Is Juan Manuel Marquez the Best Fighter in the World?
As Ranked by Brandon Estrict for (Mar 6, 2009)  
In stopping “The Baby Bull” Juan Diaz this past Saturday night in Houston, Texas, you could accurately state that Juan Manuel Marquez just about did what the boxing experts and the betting odds expected of him. That does not make it any less impressive, and wouldn’t even begin to tell the story of their epic Lightweight Championship encounter.

Juan Diaz was at the very top of his game early on, and came out guns blazing. He is already known as an
all-action, aggressive beast of a pugilist who doesn’t take a second off when the bell rings, but he looked even sharper than usual. He fought valiantly, didn’t make many mistakes and was able to not only consistently land his shots, but noticeably stunned Marquez on more than one occasion, something that came as a bit of a surprise as Diaz wasn’t known as a very strong puncher. Still, he put his best foot forward and fought the fight of his life and the fact that it turned out not to be enough is no slight or indication of the type of fighter Juan Diaz is, but a testament to the greatness of Marquez. It was an absolute dynamite performance put forth by the man known to fans as “Dinamita.”

Juan Manuel Marquez has made another definitive statement. A beauty of a right uppercut in the 9th round laid Juan Diaz flat on his back and prompted referee Rafael Ramos to forego his count and immediately wave the bout off after the second knockdown. Marquez is now 2-0 (2) since moving up to the 135 lb. limit, the divisions lineal and recognized champion, and both victories have been against the number one and two men in the division(he stopped Joel Casamayor in his first bout to claim the championship). It is an
awe-inspiring accomplishment that is all but unheard of in today’s boxing world of paper championships and mandatories mixed in with clever, big name, big money, least risk involved styled match-making. With no disrespect to Filipino great and pound-for-pound champion Manny Pacquiao, who has a date with Mancunian icon Ricky Hatton in May, Marquez has for now taken the honor, the hard way, of being the best fighter in the sport.

This pick may seem a little unusual, if nothing else, as Marquez and Pacquiao have encountered each other twice in the ring and the official results of those bouts are a draw in 2004, and a Pacquio split-decision victory early last year that could have gone either way. And that’s just it, after both bouts, the boxing world still has no clear winner.

Manny Pacquiao deserves his just due, I must add before I elaborate. Although he was out-boxed most of the way in their first match-up, his 3 first round knockdowns of Marquez are what salvaged the draw for him. Without that round, Pacquiao loses handily on all three official judges scorecards. The situation is similar in their second fight, as Pacquiao scored a third round knockdown of Marquez that proved to be the difference between another draw, and victory. The scorecard that had Pacquaio up 115-112 is also highly debated, but both men have their claims to the fight and that’s another story altogether anyway.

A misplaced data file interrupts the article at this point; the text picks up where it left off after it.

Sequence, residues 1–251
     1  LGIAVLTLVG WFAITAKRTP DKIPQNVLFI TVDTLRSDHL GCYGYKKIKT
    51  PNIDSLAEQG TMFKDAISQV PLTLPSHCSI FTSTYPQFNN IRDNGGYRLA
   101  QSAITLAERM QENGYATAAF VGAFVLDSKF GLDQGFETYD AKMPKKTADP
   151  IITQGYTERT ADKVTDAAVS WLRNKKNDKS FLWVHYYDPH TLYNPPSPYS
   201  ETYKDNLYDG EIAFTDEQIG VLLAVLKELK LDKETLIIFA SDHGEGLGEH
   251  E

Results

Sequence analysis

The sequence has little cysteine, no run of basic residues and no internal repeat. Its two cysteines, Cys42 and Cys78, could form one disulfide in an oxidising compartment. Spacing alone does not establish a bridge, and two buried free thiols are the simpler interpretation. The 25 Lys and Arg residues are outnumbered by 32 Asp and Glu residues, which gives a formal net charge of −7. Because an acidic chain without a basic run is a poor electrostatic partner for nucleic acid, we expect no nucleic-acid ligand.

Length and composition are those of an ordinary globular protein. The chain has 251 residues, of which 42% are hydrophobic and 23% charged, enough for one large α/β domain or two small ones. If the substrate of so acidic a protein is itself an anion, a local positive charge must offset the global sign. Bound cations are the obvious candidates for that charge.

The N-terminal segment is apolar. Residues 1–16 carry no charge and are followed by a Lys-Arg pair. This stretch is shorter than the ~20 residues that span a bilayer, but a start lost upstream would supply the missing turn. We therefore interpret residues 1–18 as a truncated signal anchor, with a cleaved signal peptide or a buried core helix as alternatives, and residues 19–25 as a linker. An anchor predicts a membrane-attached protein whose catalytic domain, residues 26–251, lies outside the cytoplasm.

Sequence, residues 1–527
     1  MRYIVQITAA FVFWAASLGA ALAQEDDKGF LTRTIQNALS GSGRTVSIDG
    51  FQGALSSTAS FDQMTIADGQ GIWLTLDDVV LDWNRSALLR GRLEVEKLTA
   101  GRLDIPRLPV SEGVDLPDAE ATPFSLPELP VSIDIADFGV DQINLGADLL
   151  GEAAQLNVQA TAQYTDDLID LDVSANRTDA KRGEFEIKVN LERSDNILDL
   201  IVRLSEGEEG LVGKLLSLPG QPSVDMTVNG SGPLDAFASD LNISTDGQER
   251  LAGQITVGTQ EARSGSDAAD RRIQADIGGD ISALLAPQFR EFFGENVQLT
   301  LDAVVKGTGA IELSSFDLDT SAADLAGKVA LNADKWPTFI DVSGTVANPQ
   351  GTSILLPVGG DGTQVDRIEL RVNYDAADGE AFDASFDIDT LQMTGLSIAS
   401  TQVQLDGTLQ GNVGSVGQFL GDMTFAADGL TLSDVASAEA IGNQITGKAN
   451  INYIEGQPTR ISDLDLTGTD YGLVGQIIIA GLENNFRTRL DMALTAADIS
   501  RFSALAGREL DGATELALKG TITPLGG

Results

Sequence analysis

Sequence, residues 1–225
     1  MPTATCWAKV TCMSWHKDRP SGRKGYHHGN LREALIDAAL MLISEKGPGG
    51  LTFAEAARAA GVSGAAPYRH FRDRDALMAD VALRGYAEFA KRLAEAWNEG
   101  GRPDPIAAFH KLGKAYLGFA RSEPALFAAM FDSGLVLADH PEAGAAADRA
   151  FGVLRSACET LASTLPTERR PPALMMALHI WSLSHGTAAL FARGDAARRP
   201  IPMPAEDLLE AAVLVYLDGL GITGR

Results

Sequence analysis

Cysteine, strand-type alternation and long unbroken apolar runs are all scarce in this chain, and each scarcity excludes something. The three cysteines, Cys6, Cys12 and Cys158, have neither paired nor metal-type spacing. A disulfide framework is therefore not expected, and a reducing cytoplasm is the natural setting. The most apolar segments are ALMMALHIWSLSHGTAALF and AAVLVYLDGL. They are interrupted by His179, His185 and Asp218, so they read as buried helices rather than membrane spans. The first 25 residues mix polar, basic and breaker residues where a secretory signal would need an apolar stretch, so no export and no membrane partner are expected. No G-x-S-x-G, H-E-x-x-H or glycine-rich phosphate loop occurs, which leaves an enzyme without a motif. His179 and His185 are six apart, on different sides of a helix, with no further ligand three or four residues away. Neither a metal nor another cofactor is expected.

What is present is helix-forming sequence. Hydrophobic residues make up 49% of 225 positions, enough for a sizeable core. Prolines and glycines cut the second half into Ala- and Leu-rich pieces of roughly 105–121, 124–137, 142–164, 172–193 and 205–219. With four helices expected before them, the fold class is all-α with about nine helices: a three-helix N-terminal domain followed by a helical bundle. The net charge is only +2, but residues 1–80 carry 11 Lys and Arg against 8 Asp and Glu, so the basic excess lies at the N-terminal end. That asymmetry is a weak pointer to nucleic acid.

But in this instance, I’m simply not convinced that either man is better than the other. If I was put on the spot and forced to choose, I would have to go with Marquez.

Now before the Pacquiao nation calls for my beheading, let’s pry a little deeper into their two clashes, the first at featherweight and the second taking place at junior lightweight.

Firstly, there is great logic and evidence that support this claim, a claim that I am certain is currently or will soon be made by many others within the boxing community. Of the 24 hard rounds they’ve competed against one another, you can make the case that Marquez has won the majority, which would be 13, and you can even argue that number as high 15 rounds, reasonably, before you begin to stretch the matter. My scorecard had JMM winning 8 of the 12 rounds in their first fight in what was an all-time great performance in not only willing himself back into the fight, but arguably(the word of the day) WINNING the fight after enduring that brutal Round 1. In fight number two, at 130 lbs, besides seeing two men elevate their respective games’ to an even higher level than their previous efforts, amazingly, I saw JMM taking 6 rounds, with 5 to Pac-man and 1 round even. And even if you want to abide by what’s been officially recorded in the annuls of the ‘ole history book, then by that same token we should’ve all demanded a rubber-match between Lennox Lewis and Hasim Rahman to “finally” settle the score.